Monthly Archives: July 2013

Applying for an ex parte order

By Juliet Phillips-James, Director, Gomer Williams (as featured in the Llanelli Star)

Q: I split up with my partner last year and she moved back to Poland, leaving our children with me. I have recently discovered that she is coming to live back in the UK and I am concerned she will try to remove the children as she has already indicated to me that this is her intention. What can I do to prevent her from doing this?

A: You need to apply to the court for a residence order. This is an order which sets in place the person with whom the child is to live. As a parent, you can automatically apply to the court for this order.
Depending on the circumstances, you may need to apply for an ex parte order. This means you will apply for an emergency order without your ex-partner having notice of the first hearing.
The court will only hear from you, therefore the court will only make the order in exceptional circumstances. Even if your circumstances are not exceptional, it may be that you should apply on an ex parte basis to get this matter into court quickly. The court will then usually list it for a further hearing several days later to give you the opportunity to arrange a formal notification of the hearing to your ex-partner.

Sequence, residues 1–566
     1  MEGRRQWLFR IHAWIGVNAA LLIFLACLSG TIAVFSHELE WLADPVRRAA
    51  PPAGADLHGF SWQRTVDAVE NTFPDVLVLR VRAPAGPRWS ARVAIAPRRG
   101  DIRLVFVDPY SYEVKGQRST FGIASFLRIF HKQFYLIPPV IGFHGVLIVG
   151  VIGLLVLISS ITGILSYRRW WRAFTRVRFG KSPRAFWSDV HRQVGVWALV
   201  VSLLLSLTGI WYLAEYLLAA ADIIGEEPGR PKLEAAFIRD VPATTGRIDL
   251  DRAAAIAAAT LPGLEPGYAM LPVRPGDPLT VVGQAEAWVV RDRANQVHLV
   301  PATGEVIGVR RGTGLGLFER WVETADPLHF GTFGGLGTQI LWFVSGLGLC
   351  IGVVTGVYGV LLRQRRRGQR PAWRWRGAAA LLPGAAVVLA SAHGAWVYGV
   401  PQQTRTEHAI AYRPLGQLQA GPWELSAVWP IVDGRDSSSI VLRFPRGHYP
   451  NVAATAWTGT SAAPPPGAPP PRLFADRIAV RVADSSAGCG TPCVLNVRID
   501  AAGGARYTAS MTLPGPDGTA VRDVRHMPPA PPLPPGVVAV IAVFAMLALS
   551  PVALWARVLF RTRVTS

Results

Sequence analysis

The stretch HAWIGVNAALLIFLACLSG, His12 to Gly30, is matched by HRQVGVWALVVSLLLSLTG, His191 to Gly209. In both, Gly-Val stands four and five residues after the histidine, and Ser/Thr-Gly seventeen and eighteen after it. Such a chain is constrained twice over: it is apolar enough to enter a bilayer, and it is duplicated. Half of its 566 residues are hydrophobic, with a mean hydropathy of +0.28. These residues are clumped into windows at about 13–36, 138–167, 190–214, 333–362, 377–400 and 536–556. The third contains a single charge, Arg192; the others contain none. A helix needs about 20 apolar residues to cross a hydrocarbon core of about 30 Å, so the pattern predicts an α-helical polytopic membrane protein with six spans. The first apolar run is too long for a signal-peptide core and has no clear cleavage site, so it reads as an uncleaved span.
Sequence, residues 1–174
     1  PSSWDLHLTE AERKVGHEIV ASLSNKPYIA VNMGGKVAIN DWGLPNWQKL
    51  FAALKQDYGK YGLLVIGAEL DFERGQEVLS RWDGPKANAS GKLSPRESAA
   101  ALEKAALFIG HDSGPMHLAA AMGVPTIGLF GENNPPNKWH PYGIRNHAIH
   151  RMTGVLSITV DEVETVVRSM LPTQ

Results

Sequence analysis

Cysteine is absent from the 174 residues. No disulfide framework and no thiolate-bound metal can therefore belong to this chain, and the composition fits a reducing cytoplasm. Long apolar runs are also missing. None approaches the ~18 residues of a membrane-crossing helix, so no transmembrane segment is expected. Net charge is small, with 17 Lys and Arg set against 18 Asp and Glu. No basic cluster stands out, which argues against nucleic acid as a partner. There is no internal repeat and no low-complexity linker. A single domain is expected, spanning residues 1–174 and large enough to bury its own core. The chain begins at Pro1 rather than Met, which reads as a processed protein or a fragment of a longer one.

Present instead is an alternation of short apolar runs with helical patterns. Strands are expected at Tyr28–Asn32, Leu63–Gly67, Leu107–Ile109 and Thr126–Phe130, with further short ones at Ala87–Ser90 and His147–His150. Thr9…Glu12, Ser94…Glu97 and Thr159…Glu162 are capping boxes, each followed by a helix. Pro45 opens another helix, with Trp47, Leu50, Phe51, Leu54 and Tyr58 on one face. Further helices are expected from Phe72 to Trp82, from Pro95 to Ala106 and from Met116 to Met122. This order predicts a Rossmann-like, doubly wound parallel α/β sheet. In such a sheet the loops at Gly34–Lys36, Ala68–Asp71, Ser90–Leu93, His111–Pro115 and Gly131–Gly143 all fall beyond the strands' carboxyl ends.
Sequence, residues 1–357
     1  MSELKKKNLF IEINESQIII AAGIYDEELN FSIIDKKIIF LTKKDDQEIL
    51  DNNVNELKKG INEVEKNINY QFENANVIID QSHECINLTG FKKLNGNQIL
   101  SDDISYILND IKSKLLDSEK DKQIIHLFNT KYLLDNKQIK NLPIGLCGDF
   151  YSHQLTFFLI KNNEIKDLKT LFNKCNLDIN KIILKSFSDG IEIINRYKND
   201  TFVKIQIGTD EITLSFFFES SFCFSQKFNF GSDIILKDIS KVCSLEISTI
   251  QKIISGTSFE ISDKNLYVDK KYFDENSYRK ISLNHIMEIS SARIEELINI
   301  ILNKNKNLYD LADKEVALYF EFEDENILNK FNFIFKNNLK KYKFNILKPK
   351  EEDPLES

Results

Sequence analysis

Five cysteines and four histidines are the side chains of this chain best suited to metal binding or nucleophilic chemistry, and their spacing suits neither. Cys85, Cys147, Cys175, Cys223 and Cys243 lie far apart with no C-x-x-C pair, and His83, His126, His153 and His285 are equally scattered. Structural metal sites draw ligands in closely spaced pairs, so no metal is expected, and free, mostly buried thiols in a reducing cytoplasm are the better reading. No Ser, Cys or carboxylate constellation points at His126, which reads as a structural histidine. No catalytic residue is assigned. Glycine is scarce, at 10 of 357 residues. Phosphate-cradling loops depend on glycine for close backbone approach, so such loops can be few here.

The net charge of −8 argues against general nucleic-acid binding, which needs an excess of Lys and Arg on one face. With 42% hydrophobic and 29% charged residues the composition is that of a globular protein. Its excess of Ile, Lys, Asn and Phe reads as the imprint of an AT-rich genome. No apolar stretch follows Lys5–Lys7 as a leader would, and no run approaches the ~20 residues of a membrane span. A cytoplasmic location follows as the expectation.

While the court may not grant a residence order at the first hearing, they make provision that the children should not be removed from your care until further order.
This will then at least secure the children's place with you until the court can assess all the evidence before it, prior to making a final order.
If your ex-partner then attempts to remove the children, or refuses to hand them over following any contact, you will need to get the police involved, who will need to see a copy of the order.
You may also want to apply for a prohibited steps order at the same time to prevent your ex-partner taking the children abroad without your consent. A solicitor specialising in family law will be able to advise you further on these matters, as well as giving you practical advice regarding the children's passports.

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